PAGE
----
Updated: 9am. Additional reporting by Vivienne Clarke.
The Omicron wave of Covid-19 infections is likely to be “overcome” faster than previous waves of the virus, Tánaiste Leo Varadkar has said.
Although acknowledging that January will be a “difficult” month, he said Covid hospitalisations will not reach the highs they did at the start of 2021, according to The Irish Times.
After the State recorded its highest daily increase in cases on Christmas Day (13,765), Mr Varadkar said infections will remain very high for the “next few days” but should peak “in the next week or so”.
He added that hospitalisations will not reach last winter’s highs due to the immunity which has built from previous infections and the rollout of the vaccines.
“We will overcome the Omicron wave, and hopefully more quickly than prior waves,” the Tánaiste said.
His comments come after HSE chief executive Paul Reid said the virus is now “running rife” in Ireland, but added there were “early signs of hope” from GPs that Omicron may not be as severe as previous variants of the virus.
Mr Reid said the sheer volume of cases meant the PCR testing service was being overwhelmed.
“There is no doubt now that the virus is absolutely running rife in our communities. If you think that you have Covid, it’s most likely that you have it”, he explained.
He added the health service is now seeing up to 50 per cent positivity rates in the community.
Meanwhile, the HSE’s chief operations officer Anne O’Connor has called on the public to get their booster vaccine and to behave as if they have the virus if they have symptoms or a positive antigen test.
Speaking on Wednesday to RTÉ Radio’s Morning Ireland, Ms O’Connor said there will be pressure on capacity in hospitals next week, as there usually is after Christmas, but this year such pressure would be compounded by staffing levels which are reduced as people are identified as close contacts.
“We can’t run a service without staff,” she said.
Under a derogation agreement, staff who are a close contact but are asymptomatic can return to work following a risk assessment and subject to regular antigen tests, she explained.
Ms O’Connor also defended the PCR testing system, pointing out that between 30,000-40,000 tests were being carried out every day which was an unprecedented level.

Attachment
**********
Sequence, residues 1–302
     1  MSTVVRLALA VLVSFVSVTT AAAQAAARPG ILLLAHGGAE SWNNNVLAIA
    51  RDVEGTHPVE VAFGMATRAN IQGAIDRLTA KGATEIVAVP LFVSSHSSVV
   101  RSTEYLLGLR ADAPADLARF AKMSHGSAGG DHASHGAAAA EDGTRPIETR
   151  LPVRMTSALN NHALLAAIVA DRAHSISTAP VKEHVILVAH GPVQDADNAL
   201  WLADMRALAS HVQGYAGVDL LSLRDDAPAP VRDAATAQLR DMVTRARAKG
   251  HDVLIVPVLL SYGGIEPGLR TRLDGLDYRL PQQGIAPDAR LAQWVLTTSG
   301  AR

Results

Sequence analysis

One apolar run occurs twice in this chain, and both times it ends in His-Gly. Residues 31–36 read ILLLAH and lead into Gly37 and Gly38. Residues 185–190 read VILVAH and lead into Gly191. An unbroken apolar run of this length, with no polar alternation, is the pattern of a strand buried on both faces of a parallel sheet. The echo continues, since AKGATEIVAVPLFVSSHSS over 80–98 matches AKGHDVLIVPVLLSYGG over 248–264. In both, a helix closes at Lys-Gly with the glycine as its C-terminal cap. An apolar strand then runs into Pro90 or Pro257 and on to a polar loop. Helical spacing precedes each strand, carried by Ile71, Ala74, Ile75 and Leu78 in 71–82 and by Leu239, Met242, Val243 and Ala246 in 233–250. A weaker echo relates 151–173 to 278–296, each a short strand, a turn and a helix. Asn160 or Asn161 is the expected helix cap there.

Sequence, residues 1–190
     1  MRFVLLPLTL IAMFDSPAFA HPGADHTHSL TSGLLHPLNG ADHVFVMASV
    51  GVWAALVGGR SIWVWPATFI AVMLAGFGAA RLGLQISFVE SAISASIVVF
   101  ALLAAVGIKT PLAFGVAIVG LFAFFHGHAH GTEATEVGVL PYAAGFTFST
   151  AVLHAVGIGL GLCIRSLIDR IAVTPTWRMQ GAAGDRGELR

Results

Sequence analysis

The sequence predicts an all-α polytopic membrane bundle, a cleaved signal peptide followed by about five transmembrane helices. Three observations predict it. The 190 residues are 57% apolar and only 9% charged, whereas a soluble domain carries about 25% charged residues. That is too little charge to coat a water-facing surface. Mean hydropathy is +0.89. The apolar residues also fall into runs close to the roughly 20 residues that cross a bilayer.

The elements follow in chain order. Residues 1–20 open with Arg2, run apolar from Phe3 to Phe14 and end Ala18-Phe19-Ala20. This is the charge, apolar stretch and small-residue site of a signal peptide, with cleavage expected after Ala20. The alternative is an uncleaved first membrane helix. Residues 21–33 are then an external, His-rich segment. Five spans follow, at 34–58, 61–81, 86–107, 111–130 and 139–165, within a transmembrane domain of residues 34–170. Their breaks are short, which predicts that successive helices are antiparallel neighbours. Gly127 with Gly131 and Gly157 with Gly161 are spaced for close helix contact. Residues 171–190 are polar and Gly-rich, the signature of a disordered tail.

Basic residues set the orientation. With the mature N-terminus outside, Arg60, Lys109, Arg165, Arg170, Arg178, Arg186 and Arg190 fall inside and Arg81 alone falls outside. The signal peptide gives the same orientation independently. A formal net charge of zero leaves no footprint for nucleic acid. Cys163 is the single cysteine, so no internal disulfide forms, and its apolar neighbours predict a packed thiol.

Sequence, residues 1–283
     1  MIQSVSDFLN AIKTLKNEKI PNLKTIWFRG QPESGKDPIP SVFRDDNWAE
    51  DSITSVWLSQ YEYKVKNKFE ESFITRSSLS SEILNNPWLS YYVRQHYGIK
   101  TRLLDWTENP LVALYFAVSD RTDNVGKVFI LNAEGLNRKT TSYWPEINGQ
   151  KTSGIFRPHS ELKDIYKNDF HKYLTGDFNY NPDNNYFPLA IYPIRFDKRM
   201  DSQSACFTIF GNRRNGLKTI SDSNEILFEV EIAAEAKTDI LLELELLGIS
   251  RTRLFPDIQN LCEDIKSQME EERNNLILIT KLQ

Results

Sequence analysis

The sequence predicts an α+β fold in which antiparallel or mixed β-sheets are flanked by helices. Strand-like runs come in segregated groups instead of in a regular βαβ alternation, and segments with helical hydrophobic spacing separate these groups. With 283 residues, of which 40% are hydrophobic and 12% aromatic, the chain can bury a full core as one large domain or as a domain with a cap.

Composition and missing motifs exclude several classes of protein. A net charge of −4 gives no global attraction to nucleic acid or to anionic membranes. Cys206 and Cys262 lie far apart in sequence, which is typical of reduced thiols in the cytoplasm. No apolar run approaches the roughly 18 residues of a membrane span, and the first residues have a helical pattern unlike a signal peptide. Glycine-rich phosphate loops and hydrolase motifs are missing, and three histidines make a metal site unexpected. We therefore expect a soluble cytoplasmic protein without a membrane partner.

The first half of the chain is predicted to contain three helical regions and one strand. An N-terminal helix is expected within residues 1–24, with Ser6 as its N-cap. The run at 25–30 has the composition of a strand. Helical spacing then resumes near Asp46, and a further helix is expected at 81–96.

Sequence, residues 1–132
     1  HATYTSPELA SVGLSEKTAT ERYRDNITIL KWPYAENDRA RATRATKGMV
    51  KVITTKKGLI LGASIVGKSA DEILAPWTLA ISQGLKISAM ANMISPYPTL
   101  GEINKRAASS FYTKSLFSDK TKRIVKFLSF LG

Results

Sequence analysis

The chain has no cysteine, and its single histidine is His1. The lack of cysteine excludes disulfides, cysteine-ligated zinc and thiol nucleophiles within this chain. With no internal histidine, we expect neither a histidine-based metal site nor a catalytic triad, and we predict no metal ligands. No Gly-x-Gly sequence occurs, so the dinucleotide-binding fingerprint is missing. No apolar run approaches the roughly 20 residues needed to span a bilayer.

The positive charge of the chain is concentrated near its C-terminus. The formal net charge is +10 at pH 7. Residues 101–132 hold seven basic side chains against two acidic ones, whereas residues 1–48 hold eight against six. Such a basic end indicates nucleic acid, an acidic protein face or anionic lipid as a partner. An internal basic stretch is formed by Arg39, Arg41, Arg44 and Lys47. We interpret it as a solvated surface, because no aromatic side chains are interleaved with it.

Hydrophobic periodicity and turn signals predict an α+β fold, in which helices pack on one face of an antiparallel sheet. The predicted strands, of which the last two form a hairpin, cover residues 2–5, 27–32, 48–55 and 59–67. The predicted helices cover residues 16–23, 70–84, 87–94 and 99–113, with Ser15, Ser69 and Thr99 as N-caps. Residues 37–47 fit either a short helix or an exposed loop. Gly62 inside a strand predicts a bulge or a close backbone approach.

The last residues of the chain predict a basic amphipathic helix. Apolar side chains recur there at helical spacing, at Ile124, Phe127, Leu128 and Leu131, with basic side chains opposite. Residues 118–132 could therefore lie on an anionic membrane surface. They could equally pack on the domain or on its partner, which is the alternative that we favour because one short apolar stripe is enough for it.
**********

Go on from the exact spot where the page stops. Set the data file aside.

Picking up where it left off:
She said she understood if people were upset that they could not get an appointment, but the system “can only do so much”.
“If you have a positive [antigen] test, please treat it as if you have the virus,” Ms O’Connor added.
Ms O’Connor said that at present the healthcare system is coping well with 532 Covid patients in hospital, 92 of whom are in ICU. Figures were growing every day, she said, with 99 new patients with the virus admitted on Tuesday.
There were 668 acute beds available in the system on Wednesday, she added, but that was down from 1,126 on Tuesday.
Every year there is a surge in the new year, she said. Last year the surge was due to Covid, the previous year it was with flu, she added, explaining capacity is always created before Christmas to prepare for the anticipated New Year surge.
At present Model 3 hospitals, such as Letterkenny, Mullingar and Tullamore were very busy and would soon run out of beds, while larger Model 4 hospitals, like Beaumont, the Mater and St James were also “quite busy.”
Capacity will be challenged in the coming weeks, she said, but patients requiring care for cancer and cardiac conditions would be prioritised. Capacity in private hospitals would also be accessed, she added.
“There is no place in the health service sitting quiet,” she said, but added: “This will pass, we just need to get through the next few weeks.”